“Not unless need,” Jules said, replying to the text.

“Hope this isn’t a mistake.”

“I tell them to go on other side of site and hide out,” Jules said.

The headset scratched again. “Alpha one, through doors, at least half of people inside killed by blast. Others trying to escape to roof as we suspected. RPGs up there now.”

“Listen,” Shelly whispered. “Choppers.”

“Dammit,” Jules said, getting on his minigun sight, looking around. “Enemy chopper, going to help.” He turned the minigun on, and pointed it at the sky.

“Be careful,” Shelly said.

Jules grinned. “I got you, suckers.” He fired, hitting the belly of the chopper, watching it come apart in the air.

“That’s not the only one,” Shelly said. “Listen. They’re liable to come for us.”

Jules nodded, listening and watching. A chopper appeared, heading right for them. Jules fired. “It’s coming in fast, getting ready to fire missiles.”

“Shoot it down!” Shelly shouted, panic in her eyes. Jules fired, but then there was more gunfire from the other direction, the chopper exploding overhead.

“Another coach help,” Jules said. “Brace. Debris coming down.”

There were explosions around them as pieces of chopper rained around the schoolyard they were hidden in, fires starting on some of the buildings.

“We go,” Jules said. “If that building by driveway burn, we can’t get past.” He took the rig out of siege mode and started the engine, then raced out as the rest of the school buildings went up in flames, hitting the street, making a left turn.

“Where are we going?” Shelly asked, eyes scanning the street ahead.

“Far side of site, like Ted and Sparky,” Jules said.

“We’ll be out in the open,” Shelly said.

“Trees by reservoirs,” Jules said. “I try there. Keep eyes open, man machine guns and grenade launcher.”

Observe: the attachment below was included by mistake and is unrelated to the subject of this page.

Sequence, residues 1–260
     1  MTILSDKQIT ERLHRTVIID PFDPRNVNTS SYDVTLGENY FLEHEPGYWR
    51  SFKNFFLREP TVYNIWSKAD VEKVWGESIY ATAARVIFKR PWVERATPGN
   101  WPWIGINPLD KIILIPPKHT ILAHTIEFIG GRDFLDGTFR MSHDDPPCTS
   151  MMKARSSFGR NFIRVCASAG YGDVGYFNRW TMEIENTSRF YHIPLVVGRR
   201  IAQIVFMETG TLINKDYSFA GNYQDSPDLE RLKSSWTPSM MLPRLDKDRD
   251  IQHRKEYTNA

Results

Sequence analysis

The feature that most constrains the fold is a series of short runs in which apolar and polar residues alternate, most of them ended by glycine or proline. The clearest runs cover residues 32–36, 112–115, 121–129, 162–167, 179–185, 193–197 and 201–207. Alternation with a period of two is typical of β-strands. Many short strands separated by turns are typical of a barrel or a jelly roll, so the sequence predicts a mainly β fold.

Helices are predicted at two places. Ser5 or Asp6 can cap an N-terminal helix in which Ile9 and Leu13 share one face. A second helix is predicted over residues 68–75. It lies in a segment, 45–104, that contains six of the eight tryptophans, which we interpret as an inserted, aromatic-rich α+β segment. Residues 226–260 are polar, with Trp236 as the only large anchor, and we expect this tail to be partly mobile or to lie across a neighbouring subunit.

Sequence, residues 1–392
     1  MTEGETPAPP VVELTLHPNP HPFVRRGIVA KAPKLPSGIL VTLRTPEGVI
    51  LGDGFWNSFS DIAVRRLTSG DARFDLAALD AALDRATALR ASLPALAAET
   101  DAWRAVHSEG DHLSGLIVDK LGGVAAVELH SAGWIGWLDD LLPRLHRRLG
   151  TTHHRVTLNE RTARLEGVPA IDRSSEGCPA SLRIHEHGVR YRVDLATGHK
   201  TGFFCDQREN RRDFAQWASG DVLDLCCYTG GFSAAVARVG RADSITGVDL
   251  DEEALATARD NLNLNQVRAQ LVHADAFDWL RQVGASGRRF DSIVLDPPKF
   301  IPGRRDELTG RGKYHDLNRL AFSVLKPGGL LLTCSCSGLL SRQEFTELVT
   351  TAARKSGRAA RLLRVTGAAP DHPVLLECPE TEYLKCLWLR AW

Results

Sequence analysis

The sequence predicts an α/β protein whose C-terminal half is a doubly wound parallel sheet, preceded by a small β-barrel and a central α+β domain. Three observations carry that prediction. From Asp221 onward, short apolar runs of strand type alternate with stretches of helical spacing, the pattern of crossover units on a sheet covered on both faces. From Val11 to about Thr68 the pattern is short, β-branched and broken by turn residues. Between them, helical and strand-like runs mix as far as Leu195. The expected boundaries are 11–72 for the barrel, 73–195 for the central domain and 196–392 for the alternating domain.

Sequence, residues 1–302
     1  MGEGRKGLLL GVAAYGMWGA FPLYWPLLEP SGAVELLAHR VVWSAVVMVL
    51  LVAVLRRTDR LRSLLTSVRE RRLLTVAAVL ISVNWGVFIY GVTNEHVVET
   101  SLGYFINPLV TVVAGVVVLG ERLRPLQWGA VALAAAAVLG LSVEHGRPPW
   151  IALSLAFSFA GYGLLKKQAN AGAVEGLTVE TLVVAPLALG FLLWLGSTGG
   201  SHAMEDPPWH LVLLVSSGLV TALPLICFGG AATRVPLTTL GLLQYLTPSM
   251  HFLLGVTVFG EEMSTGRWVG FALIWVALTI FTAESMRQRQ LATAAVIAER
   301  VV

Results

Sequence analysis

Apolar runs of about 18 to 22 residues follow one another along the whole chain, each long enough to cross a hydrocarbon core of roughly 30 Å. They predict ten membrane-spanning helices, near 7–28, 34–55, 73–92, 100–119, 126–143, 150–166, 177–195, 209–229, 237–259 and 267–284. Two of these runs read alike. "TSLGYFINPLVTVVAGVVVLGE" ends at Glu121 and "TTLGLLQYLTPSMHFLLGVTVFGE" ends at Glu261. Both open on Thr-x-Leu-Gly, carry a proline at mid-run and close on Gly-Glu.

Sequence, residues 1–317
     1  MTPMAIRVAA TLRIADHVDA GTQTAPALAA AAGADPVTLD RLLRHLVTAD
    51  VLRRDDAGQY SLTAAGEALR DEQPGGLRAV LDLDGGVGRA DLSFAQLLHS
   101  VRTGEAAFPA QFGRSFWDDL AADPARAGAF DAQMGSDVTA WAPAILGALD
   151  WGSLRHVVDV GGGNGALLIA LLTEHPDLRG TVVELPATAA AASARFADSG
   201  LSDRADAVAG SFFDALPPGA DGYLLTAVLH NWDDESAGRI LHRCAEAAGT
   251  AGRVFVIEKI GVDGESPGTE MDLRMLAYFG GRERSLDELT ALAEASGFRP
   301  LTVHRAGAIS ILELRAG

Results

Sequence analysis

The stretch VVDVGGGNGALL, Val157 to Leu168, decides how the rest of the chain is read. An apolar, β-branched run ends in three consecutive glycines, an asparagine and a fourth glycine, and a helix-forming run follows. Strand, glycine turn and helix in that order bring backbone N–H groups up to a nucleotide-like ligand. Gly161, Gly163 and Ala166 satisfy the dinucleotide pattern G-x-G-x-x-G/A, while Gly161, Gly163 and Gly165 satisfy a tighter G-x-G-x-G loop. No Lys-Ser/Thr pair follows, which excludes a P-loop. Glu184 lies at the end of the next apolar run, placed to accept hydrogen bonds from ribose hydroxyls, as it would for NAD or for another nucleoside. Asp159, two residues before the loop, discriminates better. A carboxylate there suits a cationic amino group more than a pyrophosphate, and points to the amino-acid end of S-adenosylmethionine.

She nodded, fear in her eyes.


Ji-Ho pulled into the driveway of the Williams Place, Garrett sitting in the passenger seat next to him. Some of the coaches were already there, others behind them. Car loads of Garrett’s men were with them as well, but the cavalry was far behind, half of them going to Dodge City, the others coming to the Williams place.

“Right decision,” Garrett said.

“Yes, is,” Ji-Ho said as he backed into his spot. “Here she come.”

Garrett watched out the window as Anna ran towards the coach. “Mind?”

“Go be with woman,” Ji-Ho said. “We meet in couple hours.”

Garrett left the coach, running towards her in his boots, almost falling down. They embraced on the pasture. Garrett pulled back to look at her face, then kissed her with passion.

“Thank God you guys made it back here okay,” she said.

“You’re glad to see me, aren’t you?”

She laughed. “We’re going to be more than friends. Fair warning.”

He smiled at her and kissed her again as Ji-Ho and some of the others walked by them, heading for the house.

“We have an audience,” she whispered to Garrett.

“Don’t care,” he said, kissing her again. “We’d better settle down a little, I guess.”

“Yes, save it up for later,” she said. “I hear we have a little girl coming.”

“Mia,” Garrett said. “Such a cute little thing. She’s with Sam and Erica.”

“They’re going to raise her,” Anna said.

“I think we’re gonna try to find some relatives,” Garrett said.

“We won’t,” Anna said. “They’re all dead.”

“How do you know that?”

“I just know. I saw them with a daughter. Didn’t understand that the timing was all off. Now I get it.”

“Wait, are you some kind of witch doctor or something?” he asked, smiling at her.

“More like a medicine woman,” Anna said, “but only for certain things. Mainly relationship things.” Her brow furrowed.


“Wish it was for more than that,” she said. “I wish I would’ve seen through the traitor.”

“That wasn’t your fault,” Garrett said. “You aren’t feeling guilty, are you?”

“No,” she said. “Still nothing on Ed, I take it.”